Hamilton, B. (2010). Vitamin D and human skeletal muscle. Scandinavian Journal of Medicine & Science in Sports, 20, 182-190.
Williamson, J.D., Espeland, M., Kritchevsky, S.B., Newman, A.B., King, A.C., Pahor, M., et al. (2009). Changes in cognitive function in a randomized trial of physical activity: Results of the Lifestyle Interventions and Independence for Elders pilot study. Journal of Gerontology, 64A, 688-694.
Semba, R.D., Houston, D.K., Ferrucci, L., Cappola, A.R., Sun, K., Guralnik, J.M., et al. (2009). Low serum 25-hydroxyvitamin D concentrations are associated with greater all-cause mortality in older community-dwelling women. Nutrition Research, 29, 525-530.
European Organization for Research and Treatment of Cancer (2010). QLQ-C30 questionnaire. Retrieved from http://groups.eortc.be/qol/downloads/modules/specimen_20qlq_c30.pdf
Not only that, the results of eating badly is harmful. Holland and Barrett magazine reports: "If your diet isn't as balanced as you'd hope for, there's a chance you could be missing out on L. Trytophan - an important amino acid that plays a vital role in the production of brain chemicals." If one's diet is lacking it, the safest way to get this supplement is in the form of 5-HTP - a natural compound that the body produces from L-Trytophan. 5-HTP is believed to help the body produce serotonin, a chemical that regulates mood, sleep and other brain-related functions. (Pearce, 1999)
In aging people who seem to have no appetite, there actually may be a sensory dysfunction, which keeps that person from enjoying food and other things that are sensed through taste and smell. Susan S. Schiffman, Ph.D. pointed out that in the elderly these senses are not entirely…
About Dementia. http://www.about-dementia.com/.2006.
Davis, Alison. "Stress -- it might be even worse than you think," a Summary of the Conference "Biology of Stress" co-sponsored by the OBSSR and NIGMS, April 12, 2006.
Huang, Cindy S., et al. "Common Molecular Pathways Mediate Long-Term Potentiation of Synaptic Excitation and Slow Synaptic Inhibition." Cell (Journal), Volume 123, Issue 1, 7 October 2005, Pages 105-118.
Pearce, Gillian. Depression Antidotes Newsletter. Thu, 15 Jul 1999-18:35:21 -0400.
While it is true that in many countries like Canada there has been a reduction in vulnerabilities such as poverty among the elderly, it is equally true that;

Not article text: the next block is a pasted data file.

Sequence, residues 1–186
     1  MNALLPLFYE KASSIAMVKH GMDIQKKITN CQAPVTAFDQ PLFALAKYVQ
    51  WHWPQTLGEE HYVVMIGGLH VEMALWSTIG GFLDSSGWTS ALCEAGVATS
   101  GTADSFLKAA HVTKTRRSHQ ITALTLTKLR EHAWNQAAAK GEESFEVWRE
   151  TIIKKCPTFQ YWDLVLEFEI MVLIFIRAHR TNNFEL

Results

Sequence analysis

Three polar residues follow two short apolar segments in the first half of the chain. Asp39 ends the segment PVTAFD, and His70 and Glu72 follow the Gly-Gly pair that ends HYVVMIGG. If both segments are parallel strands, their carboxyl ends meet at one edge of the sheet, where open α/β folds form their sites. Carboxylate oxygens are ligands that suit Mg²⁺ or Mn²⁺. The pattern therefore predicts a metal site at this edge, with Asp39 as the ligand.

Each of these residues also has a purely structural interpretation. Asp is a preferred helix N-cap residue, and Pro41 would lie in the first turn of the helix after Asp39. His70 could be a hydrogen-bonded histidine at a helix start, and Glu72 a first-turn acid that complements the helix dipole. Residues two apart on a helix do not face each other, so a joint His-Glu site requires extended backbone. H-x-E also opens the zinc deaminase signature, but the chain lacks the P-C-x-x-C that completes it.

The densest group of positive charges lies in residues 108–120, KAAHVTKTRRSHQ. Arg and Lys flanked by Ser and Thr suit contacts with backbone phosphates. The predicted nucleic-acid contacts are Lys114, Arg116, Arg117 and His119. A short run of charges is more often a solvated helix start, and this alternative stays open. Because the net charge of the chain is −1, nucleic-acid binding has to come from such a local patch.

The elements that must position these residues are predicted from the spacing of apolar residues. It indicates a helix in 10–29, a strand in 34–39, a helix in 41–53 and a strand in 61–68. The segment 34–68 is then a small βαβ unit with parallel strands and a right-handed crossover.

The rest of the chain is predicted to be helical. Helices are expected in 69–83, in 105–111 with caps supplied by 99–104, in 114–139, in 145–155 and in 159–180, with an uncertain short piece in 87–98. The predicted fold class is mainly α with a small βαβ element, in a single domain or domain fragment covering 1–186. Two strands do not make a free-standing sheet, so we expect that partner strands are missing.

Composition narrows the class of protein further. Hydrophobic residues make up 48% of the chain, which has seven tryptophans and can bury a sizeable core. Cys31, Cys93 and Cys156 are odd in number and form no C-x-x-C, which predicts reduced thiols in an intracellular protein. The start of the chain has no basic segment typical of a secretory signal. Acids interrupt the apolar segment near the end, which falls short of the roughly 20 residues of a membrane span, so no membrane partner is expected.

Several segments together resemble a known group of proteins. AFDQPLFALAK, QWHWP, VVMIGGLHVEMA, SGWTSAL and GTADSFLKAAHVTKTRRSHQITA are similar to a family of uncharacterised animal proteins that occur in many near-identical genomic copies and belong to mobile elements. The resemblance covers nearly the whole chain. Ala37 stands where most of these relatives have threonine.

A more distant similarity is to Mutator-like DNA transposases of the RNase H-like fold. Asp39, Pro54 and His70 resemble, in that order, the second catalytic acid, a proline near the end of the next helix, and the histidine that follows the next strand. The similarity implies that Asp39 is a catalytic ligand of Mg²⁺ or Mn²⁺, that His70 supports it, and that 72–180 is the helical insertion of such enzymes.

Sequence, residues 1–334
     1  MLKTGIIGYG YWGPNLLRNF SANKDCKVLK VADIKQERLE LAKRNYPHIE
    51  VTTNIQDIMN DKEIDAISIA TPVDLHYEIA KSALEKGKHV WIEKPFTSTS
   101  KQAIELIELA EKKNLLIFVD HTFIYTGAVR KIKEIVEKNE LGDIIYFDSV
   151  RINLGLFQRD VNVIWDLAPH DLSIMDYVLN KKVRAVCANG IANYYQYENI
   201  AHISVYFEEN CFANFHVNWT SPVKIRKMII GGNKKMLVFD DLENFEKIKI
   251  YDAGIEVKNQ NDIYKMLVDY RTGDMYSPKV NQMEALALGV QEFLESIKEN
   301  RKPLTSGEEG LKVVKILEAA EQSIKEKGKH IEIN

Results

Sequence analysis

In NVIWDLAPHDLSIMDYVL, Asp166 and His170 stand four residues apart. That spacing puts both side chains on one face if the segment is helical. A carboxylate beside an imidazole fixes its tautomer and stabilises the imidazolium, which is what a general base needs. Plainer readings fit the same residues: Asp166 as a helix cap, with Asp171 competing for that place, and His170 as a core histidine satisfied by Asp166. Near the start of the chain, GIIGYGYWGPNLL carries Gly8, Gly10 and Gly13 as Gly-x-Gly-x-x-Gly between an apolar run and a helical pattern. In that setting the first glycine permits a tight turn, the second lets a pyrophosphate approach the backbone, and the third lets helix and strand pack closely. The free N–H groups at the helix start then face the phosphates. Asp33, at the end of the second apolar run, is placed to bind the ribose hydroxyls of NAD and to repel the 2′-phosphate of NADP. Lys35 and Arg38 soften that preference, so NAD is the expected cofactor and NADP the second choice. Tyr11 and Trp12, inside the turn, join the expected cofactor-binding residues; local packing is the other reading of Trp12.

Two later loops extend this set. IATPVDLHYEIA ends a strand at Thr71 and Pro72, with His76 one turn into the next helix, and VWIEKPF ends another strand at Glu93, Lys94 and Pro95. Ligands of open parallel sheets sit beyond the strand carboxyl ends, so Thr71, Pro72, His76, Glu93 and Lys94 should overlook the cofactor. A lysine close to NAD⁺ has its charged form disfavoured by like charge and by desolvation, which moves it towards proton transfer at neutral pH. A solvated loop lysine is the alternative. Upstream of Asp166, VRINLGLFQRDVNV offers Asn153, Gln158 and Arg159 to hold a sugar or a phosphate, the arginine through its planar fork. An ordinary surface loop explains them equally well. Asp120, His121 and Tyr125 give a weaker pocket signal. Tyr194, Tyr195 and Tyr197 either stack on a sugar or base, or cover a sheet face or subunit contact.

some 3.3 million seniors still live below the poverty line Good housing and proper medical care are often out of reach for the poor elderly -- or so expensive that little money is left over for other needs. Hundreds of thousands of elders go hungry every month. (Callahan, 1999, p. 74)
Poverty is however also a strong indicator of elderly vulnerability in Canada; where the lack of resources is also linked to safety and security issues. Many elderly people live alone and they become more vulnerable to abuse and attack if they so not have enough funds to afford adequate home security. As one Canadian resource notes; "Examples include safety devices that would reduce their chances of a fall or an alarm…
Abuse of the elderly. Retrieved February 10, 2009, at http://whqlibdoc.who.int/publications/2002/9241545615_chap5_eng.pdf
Ageism: Canadian Network for the Prevention of Elder Abuse. Retrieved February 10, 2009, at http://www.cnpea.ca/ageism.htm
Barer M. And Hertzman C. (1972) on Being Old and Sick: The Burden of Health Care for the Elderly in Canada and the United States. Journal of Health Politics, Policy and Law, 17(4), pp.763-782.
Brownell P., Welty a., Brennan M. Elder Abuse and Neglect. Retrieved February 10, 2009, at http://www.aging.state.ny.us/explore/project2015/artabuse.htm
interview was to learn the life of Mr. Mike obinson, my 65-year-old retired neighbor from the town next to me, in Sudbury. I selected this person because it will allow me to understand some of the core issues related to aging. My interactions with Mike obinson before this interview were cordial and I believed that his example might shed light on some of the theories of aging we are covering in class. I believe that he is a good example of how aging theories can be applied to help people, because Mr. obinson is aging in a way that is healthy due to his strong social support system and positive attitude on life.
Within this report, I intend to learn about his life conditions as well suggest and inform ways to improve the person's life. After interviewing Mr. obinson on two different occasions, I gained some knowledge on how he…
Dowd, J.J. (1975). Aging as exchange. Journal of Gerontology 30(5): 584-594
Havighurst, R.J. (1961). Successful aging. The Gerontologist 1(1961): 8-13.
The Health Authority (2010).
Miller, S.M. & Barrow, G.M (2010). Aging, the Individual, and Society. Cengage.